In order to compare the obtained results, due to the difference in the Tg of the material (175 °C for aero grade epoxy vitrimer and 210 °C for RTM 6 resin), the temperature behavior was normalized to the Tg of each of the materials. As can be seen in Figure 7, it is clearly noticeable that below the Tg (Tg − 50 °C) no creep was observed in both materials. We demonstrate that the designed aero grade epoxy vitrimer is capable of arresting creep at elevated temperatures up to 120 °C. Aero grade epoxy vitrimer exhibited almost no creep with strain values <1% at 120 °C, after 25 min at 10 MPa stress. This excellent creep resistance is comparable to the creep response of conventional crosslinked networks such as RTM6 aero grade epoxy resin.
It is well known that the presence of permanent crosslinks could reduce the creep behavior of the developed aero grade epoxy vitrimer at T > Tg. With the aim to corroborate the heat-induced malleability at temperatures above the Tg, creep experiments were also carried out at 210 °C and 215 °C applying 1 MPa of constant stress. As can be seen in Figure 8, above the Tg of the material, it starts deforming and this deformation increases with the temperature. However, due to the presence of permanent crosslinks introduced into the matrix no complete deformation was achieved. An irreversible deformation of around 85% was achieved, which is in accordance with the relaxation obtained and the 19% of permanent crosslinks present in the network. The same experiment was repeated for RTM6 resin at Tg +50 °C, but even with low applied stress (0.5 MPa), the resin broke due to the absence of dynamic bonds.

3.7. Thermoforming and Reprocessing

The dynamic behavior of aero grade epoxy network was exploited to demonstrate the capability to thermoform high Tg epoxy vitrimers.
To validate the thermoforming capacity of developed aero grade epoxy resin, a fully cured 2 mm thick resin plate was hot-pressed in a mold with omega shape. First, the epoxy vitrimer was placed in a pre-heated oven at 200 °C for 5 min together with the mold used for thermoforming. Once the vitrimer and the mold were at the right temperature, the sample was gradually deformed at 36 N/s speed at 200 °C. After the desired deformation was reached, the vitrimer was kept in its new shape to cool down below the Tg to ensure full stress release due to the reorganization of dynamic disulfide bonds. Figure 9 shows the result, confirming the reprocessability of the resin. In order to assure no degradation of the epoxy vitrimer due to the thermoforming process, the Tg of the reprocessed material was measured by DMA (Figure S13). After the thermoforming process, the reshaped material showed a Tg (Tan delta Peak) of 175 °C. No decrease in the Tg of the material was observed after reprocessing confirming no degradation of the vitrimer during the thermoforming process.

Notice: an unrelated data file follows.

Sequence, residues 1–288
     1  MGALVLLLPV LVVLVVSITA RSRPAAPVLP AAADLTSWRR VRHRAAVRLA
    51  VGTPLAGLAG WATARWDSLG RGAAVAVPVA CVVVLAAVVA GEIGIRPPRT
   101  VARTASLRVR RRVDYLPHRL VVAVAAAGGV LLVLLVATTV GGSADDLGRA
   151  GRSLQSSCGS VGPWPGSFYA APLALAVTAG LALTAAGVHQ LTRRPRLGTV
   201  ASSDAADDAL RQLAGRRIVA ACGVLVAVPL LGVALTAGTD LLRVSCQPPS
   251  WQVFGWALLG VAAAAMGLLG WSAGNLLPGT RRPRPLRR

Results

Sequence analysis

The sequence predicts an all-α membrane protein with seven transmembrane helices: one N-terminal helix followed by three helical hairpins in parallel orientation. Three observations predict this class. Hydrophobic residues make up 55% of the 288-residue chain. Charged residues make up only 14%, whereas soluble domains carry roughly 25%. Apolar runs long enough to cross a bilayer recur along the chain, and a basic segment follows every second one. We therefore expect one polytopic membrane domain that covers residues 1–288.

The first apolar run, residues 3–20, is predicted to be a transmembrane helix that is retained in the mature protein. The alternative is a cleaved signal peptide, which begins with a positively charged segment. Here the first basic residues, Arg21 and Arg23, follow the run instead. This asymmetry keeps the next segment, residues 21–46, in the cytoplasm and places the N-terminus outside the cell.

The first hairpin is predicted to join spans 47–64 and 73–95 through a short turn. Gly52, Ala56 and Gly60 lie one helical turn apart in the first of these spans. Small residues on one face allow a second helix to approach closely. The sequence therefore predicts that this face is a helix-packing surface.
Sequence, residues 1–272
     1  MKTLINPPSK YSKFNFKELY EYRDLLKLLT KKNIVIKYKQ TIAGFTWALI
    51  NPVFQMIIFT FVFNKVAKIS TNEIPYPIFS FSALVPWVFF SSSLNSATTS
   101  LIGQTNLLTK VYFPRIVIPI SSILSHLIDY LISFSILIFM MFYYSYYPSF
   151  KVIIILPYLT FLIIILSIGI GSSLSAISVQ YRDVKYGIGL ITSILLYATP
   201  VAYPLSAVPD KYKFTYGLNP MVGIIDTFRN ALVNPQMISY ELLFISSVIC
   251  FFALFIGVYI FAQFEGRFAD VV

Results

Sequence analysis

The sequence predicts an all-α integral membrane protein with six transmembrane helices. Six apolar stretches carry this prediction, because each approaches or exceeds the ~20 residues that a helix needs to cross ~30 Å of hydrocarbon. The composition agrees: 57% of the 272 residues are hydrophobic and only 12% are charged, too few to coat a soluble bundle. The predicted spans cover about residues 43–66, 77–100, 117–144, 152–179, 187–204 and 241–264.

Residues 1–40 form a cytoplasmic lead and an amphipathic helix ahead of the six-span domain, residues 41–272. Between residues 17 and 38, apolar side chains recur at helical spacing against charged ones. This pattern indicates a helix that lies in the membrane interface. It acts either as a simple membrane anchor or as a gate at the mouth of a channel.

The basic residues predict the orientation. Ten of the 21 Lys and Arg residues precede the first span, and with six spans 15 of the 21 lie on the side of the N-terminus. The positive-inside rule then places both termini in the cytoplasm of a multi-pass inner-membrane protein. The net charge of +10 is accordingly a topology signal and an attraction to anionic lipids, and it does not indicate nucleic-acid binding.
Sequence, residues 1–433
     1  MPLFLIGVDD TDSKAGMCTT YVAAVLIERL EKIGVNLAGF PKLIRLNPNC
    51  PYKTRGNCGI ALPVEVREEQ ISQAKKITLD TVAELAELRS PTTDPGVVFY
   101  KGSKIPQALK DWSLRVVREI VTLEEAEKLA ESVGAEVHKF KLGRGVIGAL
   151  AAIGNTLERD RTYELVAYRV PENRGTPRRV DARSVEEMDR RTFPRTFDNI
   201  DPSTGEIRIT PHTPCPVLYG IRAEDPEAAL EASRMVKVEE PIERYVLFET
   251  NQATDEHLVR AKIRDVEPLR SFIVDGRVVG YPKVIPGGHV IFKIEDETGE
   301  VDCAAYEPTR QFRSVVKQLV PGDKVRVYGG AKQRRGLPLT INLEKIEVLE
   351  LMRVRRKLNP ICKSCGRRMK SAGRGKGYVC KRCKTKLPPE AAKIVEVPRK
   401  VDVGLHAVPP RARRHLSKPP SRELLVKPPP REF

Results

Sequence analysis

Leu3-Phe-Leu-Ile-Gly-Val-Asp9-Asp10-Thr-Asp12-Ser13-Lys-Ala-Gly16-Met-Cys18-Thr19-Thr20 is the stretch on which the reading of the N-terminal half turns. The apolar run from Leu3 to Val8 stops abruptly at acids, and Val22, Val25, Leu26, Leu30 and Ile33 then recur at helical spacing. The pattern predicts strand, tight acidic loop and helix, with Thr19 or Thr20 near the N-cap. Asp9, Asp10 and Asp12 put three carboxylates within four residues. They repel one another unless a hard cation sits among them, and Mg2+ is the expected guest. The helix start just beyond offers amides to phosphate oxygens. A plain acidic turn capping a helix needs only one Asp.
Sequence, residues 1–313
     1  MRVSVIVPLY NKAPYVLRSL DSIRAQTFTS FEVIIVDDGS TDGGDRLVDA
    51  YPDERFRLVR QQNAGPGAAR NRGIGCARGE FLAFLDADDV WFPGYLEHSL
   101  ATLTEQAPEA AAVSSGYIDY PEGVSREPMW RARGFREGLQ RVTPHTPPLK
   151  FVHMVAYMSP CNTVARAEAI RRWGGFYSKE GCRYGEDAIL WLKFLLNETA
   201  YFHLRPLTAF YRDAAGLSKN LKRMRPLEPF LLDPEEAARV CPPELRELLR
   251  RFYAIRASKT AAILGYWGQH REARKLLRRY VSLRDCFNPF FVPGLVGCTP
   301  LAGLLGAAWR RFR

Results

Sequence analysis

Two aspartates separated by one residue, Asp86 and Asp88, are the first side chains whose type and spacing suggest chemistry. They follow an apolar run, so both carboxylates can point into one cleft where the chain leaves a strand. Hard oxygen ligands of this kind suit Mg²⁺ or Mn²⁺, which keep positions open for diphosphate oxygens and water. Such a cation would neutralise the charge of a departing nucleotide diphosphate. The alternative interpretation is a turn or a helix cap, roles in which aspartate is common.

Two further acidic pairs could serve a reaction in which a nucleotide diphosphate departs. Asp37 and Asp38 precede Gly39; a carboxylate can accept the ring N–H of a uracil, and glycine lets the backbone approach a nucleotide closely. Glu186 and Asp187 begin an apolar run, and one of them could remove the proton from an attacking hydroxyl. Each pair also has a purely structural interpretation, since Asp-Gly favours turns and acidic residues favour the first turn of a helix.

This hot-press forming process is very fast compared to actual manufacturing processes for aero parts (autoclave, etc.), thus having a tremendous impact on the aeronautics sector reducing the production time by at least 10 times.
Finally, in order to confirm the reprocessing capabilities, the epoxy vitrimer was grinded to fine powder, which was then hot pressed into a mold by applying heat and pressure (20 bar, 210 °C, 20 min). Figure S14 shows the reprocessed sample and its thermal characterization. The DMA plot of the reprocessed sample was comparable to the initial epoxy vitrimer as the storage modulus showed no changes after reprocessing. Only a small decrease in the Tg was observed due to the lack of compaction in some areas and the possible breakage of non-reversible bonds due to grinding process and high temperature reprocessing.

4. Conclusions

Here we showed for the first time that an aero grade aromatic disulfide epoxy vitrimer with reduced creep can be obtained by incorporation of a certain fraction of permanent crosslinks. The epoxy vitrimer exhibited similar properties to widely used aero grade RTM6 aero resin while being reprocessable. The developed aero grade epoxy resin presents an acute temperature response due to the high activation energy (Ea = 246 kJ/mol) of the network. This high Ea permits the design of resins and composites with high-temperature sensitivity, permitting to arrest of the dynamic behavior up to high temperatures and thus reducing the creep up to the Tg of the material. For the present aromatic disulfide-containing vitrimers, we have determined that up to 30% of permanent crosslinks can be introduced in the network while maintaining reprocessability. Our study provides a promising approach for limiting the non-desirable effects associated with creep in vitrimer applications, particularly for aerospace industry. In addition, the introduction of permanent crosslinks also enhanced the thermal and mechanical properties making the developed aero grade epoxy vitrimer the right candidate for introduction in the aero sector.

Supplementary Materials